Cape Town - Smart and notably conscientious strategist that he is, Springbok coach Rassie Erasmus will be painfully aware that he needs to stiffen his win record abroad with the national team ... and with some haste.
His charges getting increasingly familiar with victory in foreign climes will be important if, as emerging dark horses now for the Webb Ellis Cup, they are truly to develop into a unit capable of bagging a third World Cup for the country in Japan next year.
To win the trophy, you generally have to win all seven (though six is still quite feasible if you happen to have dropped a group-phase game) matches required along the way: they comprise four pool fixtures, a quarter-final, semi and final.
For all but the unfancied tournament host nation, of course, that also means an ability to show consistent mettle a long way from home habitat.
So with a shrinking list of Tests (likely eight) from here to RWC 2019, the Boks under Erasmus's tutelage need to start correcting with some urgency a still decidedly shaky record outside South Africa.
That is why the fast-looming quartet of end-of-year Tests in Europe (England, France, Scotland and Wales in that order) are critical in mending that hallmark: as suggested earlier this week, a minimum of three wins on tour seems the only way to pacify doubters about the Boks' ability to be regularly formidable "on the road".
Just one of the many reasons the current All Blacks, the World Cup holders and still easily top-ranked team, are so great is that they tend to triumph almost as effortlessly abroad as they do in New Zealand.
The 2018 All Blacks, headed northward themselves soon, already sport a 100 percent away record this year - all three matches in the just-completed Rugby Championship, having beaten Australia, Argentina and South Africa on their own pitches.
They were barely less impressive in their full list of away obligations in 2017, too: they sported a six-from-seven record (85.71 percent), the only blemish being in a decidedly dead-rubber "extra" Bledisloe Cup match against Australia in Brisbane.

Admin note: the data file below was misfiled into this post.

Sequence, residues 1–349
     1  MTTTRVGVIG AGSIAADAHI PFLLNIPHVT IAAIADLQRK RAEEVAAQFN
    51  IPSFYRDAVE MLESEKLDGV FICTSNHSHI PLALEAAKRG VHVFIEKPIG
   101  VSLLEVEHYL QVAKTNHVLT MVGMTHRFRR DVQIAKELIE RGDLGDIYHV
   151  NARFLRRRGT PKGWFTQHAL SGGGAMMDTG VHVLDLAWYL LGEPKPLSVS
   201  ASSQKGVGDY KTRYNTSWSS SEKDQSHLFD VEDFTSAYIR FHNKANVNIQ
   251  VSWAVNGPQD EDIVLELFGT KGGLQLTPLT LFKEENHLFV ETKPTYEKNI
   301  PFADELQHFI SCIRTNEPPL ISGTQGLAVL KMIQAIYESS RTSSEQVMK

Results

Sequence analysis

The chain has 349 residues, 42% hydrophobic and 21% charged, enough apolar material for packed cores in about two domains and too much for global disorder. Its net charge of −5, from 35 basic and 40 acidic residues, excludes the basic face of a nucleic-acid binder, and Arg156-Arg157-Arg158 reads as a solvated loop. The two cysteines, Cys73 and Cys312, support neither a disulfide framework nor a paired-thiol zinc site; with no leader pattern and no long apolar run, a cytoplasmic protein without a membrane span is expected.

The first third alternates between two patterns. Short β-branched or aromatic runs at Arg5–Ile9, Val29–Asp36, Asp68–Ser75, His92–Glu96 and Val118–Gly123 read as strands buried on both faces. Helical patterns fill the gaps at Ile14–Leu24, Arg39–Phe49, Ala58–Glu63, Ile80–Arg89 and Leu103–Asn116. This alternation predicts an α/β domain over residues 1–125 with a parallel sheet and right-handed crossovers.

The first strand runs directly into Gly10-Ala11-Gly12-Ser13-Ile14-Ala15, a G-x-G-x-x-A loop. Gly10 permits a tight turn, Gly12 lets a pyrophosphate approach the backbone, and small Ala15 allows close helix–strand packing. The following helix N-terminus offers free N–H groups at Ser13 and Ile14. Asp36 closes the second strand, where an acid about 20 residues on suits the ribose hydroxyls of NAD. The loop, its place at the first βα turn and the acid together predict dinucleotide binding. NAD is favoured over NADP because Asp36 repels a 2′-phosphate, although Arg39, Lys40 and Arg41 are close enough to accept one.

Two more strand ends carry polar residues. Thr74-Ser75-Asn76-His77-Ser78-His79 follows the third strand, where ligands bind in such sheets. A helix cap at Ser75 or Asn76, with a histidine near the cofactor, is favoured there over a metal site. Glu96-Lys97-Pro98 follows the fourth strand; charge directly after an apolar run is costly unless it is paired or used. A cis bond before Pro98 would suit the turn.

That is a success rate way ahead of all their major southern hemisphere foes, and certainly including the Boks who continue to look flaky too often overseas in the period ever since Heyneke Meyer was last in charge and they earned bronze with several really travel-wise, legendary figures still in their ranks at the 2015 World Cup.
Erasmus has achieved much in his painstaking campaign to rejuvenate the Springboks during his maiden year at the helm, but not yet when it comes to demonstration of real fortitude in enemy territory.
That is evidenced by the Boks' one-from-four record in that regard: or 25 percent.
They have lost Tests to Wales in neutral Washington DC (admittedly with much of an SA 'A' side in look and feel), Argentina in Mendoza and Australia in Brisbane, although the fabulous exception to the trend was the 36-34 upset of the All Blacks in Wellington.
If Erasmus can steer the Boks to that reasonably pleasing three victories from the four matches in November - and a full house is also not impossible? - then his overall away record for the year would soar to a greatly more palatable 50 percent (4/8) and serve up further confirmation of growing maturity among his pretty youthful team.
That percentage would match the figure achieved by Meyer - the last Bok coach to get through a full, four-year "World Cup cycle" - in his own first calendar year in charge (2012, when SA won three of six overseas Tests).
Meyer was something of an expert at grinding out good results in Europe at season's end, as that tally included triumphs in all three UK tour fixtures against Ireland, Scotland and England.
He followed that up in 2013 with a glowing away record of five out of six (83.33 percent), including a second successive 3/3 sweep in the northern hemisphere (Wales, Scotland, France): the only blemish had been the Rugby Championship Test in New Zealand.
But since the 2015 World Cup, and with lots of new playing personnel having filtered in, the Boks have been a jittery outfit for the most part abroad.
Their annus horribilis in that respect was Allister Coetzee's first year as coach (2016), when the Boks earned a flat zero win percentage overseas: six losses out of six (all three Championship, all three end-of-year tour).
Things did improve slightly last year, in fairness, though the victories in Argentina, France and Italy still meant a 3/7 away record and an overall win record in his tenure for "Toetie" away from SA of 3/13 (23.07 percent).
That isn't exactly the stuff of likely World Cup winners, and Erasmus needs to work speedily to fix the Boks' record and reputation in circumstances when they are a long way from the proverbial "ma se kos".
That time is largely in the next few weeks ...
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